POLICE Scotland could be set to lose one third of senior officers through retirement in the next two years, according to the Scottish Conservatives.

Figures obtained through a Freedom of Information request show that 133 superintendents, 13 per cent of the force’s total, are eligible to retire in 2016, and a further 15 per cent are due for retirement the year after.

More than a quarter of chief superintendents are set to retire next year.

This could mean Police Scotland losing 55 of their 175 most senior staff between now and 2017, according to the Tories.

The figures come after a grim staff survey showed that morale amongst officers in Police Scotland was low, with a third of police officers saying they wanted to leave the force, and most of those claiming they did not feel valued in their work.

Half of those working for the force said their morale was hit by changes to pensions, which saw retirement age increase and an end to the final salary scheme.

Scottish Conservative justice spokeswoman Margaret Mitchell said the statistics were “deeply concerning”, adding: “These individuals provide crucial leadership and bring considerable expertise to their day-to-day roles, which will be a great loss for the single force during this key period of transition.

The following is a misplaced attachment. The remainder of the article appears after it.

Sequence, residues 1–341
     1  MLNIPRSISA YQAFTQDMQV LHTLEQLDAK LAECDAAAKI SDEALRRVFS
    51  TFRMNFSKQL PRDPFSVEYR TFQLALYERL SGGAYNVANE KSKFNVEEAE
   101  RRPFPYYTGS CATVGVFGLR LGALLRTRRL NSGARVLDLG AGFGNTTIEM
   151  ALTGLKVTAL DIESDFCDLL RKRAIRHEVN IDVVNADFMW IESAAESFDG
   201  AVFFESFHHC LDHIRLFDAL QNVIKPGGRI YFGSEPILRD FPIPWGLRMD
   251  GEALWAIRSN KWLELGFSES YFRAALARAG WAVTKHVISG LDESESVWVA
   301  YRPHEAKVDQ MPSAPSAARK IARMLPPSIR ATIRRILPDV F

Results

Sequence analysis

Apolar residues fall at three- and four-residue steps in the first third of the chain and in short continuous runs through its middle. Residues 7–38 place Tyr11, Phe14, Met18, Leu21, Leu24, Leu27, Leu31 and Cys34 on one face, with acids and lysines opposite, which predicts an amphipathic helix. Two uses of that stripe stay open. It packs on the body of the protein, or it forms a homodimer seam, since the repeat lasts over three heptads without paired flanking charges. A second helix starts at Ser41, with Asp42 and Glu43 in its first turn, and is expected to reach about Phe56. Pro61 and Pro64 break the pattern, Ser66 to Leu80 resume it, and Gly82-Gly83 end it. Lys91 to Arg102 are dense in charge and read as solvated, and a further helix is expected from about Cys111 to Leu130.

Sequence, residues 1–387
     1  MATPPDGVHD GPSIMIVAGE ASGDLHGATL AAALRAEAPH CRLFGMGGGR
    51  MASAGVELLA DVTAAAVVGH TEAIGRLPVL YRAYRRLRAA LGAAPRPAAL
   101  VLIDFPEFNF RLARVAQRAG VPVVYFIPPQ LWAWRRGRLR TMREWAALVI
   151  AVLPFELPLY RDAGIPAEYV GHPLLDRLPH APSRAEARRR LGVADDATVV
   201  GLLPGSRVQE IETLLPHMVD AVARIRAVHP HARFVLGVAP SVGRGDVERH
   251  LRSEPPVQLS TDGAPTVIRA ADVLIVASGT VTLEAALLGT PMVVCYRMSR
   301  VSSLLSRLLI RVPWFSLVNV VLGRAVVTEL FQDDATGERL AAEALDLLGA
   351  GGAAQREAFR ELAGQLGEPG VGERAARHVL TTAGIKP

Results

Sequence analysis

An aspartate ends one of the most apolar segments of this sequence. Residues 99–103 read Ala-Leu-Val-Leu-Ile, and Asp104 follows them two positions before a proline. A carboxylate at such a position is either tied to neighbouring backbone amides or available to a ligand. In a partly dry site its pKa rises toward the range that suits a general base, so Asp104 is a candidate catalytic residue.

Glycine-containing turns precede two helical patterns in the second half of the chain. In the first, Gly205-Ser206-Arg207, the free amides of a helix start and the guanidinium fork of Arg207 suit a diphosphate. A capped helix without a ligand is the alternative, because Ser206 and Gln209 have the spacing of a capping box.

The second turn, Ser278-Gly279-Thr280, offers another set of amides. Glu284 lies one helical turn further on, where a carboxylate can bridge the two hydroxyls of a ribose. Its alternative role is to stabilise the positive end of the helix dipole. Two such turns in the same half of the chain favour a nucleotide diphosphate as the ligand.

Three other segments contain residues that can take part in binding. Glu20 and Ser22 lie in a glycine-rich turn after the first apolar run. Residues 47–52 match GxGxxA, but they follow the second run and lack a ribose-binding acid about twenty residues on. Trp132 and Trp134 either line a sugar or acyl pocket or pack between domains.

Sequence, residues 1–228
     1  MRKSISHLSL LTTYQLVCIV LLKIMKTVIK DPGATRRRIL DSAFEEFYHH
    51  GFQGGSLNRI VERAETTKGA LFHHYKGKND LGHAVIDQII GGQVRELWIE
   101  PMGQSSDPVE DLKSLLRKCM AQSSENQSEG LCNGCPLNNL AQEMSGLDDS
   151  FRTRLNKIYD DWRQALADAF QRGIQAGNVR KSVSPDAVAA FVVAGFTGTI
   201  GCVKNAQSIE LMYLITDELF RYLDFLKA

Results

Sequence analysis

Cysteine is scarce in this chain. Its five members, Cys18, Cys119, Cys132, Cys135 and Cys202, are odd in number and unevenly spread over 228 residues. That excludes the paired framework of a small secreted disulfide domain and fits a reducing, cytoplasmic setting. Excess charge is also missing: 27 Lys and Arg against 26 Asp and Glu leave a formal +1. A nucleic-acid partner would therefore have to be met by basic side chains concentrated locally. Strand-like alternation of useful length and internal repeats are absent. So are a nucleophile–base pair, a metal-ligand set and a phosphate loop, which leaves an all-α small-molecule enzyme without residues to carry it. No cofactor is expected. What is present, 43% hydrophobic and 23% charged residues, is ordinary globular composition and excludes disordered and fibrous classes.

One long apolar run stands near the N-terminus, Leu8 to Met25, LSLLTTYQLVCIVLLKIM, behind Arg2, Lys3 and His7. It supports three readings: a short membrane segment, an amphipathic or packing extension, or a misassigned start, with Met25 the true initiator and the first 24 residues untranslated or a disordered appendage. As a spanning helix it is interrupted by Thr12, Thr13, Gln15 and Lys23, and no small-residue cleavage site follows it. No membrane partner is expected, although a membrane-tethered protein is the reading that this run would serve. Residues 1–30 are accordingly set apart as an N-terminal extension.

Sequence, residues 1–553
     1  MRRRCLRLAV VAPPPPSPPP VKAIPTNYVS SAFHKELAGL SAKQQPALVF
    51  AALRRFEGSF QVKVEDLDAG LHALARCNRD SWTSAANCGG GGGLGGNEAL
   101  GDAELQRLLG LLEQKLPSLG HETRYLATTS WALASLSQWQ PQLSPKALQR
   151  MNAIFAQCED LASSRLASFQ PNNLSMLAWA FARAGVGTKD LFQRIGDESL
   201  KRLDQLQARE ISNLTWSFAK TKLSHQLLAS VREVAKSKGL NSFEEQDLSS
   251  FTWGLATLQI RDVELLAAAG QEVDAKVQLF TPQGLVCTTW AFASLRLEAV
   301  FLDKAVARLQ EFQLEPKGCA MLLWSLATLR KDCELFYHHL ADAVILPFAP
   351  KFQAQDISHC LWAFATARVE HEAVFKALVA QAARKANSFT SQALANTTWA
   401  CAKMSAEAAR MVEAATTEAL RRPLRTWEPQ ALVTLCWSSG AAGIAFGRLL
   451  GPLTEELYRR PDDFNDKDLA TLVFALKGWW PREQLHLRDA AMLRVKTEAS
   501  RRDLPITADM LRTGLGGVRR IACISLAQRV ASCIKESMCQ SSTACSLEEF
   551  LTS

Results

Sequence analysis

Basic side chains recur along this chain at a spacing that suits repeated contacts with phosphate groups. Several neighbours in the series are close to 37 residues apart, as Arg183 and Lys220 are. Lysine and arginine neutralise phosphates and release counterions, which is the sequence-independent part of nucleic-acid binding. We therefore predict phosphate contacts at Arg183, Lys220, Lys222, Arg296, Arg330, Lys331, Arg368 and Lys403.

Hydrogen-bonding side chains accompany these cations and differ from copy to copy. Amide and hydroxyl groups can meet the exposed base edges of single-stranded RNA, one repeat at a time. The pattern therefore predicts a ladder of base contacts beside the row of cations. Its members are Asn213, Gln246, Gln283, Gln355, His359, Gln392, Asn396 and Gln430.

“I know firsthand from officers that the high turnover of senior management is causing continuity problems.

“Regrettably, based on the force’s retirement projections, these only seem set to continue over the next couple of years. We need assurances from the new chief constable that measures are in place to recruit suitably qualified replacements and provide much-needed stability for the rank-and-file. After a difficult two years, it deserves nothing less.” A spokeswoman for the Scottish Police Authority (SPA) said: “The decision on when an officer decides to retire or move on is a personal one and it is not for the SPA to speculate in this regard. With responsibility for appointing Police Scotland’s senior leadership team, succession planning is an ongoing piece of our work.

“This is informed by regular dialogue with our senior officers and our officers are required to give the SPA a three-month notice period.

“In addition, the SPA identified as a top priority the finding from the staff survey that one in three of the workforce would consider leaving Police Scotland within the next three years.

“The SPA and Police Scotland have made clear their determination to fully address the issues raised by staff and to engage with the workforce on what the solutions to those issues should be. That engagement exercise is well under way and will inform a comprehensive plan of action which will be set out early in the new year.”

A Scottish Government spokeswoman said: “We have delivered 1,000 additional officers compared to 2007, in stark contrast to the situation in England and Wales, where police officer numbers have fallen by more than 15,000 (10.8 per cent) from March 2007 to March 2015.”